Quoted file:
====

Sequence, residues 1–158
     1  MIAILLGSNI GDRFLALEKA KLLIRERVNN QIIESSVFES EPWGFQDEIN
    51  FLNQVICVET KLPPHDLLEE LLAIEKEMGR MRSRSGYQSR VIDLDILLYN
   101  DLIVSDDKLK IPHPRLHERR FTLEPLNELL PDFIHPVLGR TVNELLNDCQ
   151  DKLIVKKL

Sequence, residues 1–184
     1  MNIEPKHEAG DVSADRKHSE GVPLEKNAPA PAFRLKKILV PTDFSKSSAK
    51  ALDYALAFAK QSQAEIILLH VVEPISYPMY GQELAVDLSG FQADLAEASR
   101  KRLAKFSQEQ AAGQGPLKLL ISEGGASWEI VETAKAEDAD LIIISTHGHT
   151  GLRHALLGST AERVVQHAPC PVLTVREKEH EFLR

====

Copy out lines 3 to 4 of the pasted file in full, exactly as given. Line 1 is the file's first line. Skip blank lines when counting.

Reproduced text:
    51  FLNQVICVET KLPPHDLLEE LLAIEKEMGR MRSRSGYQSR VIDLDILLYN
   101  DLIVSDDKLK IPHPRLHERR FTLEPLNELL PDFIHPVLGR TVNELLNDCQ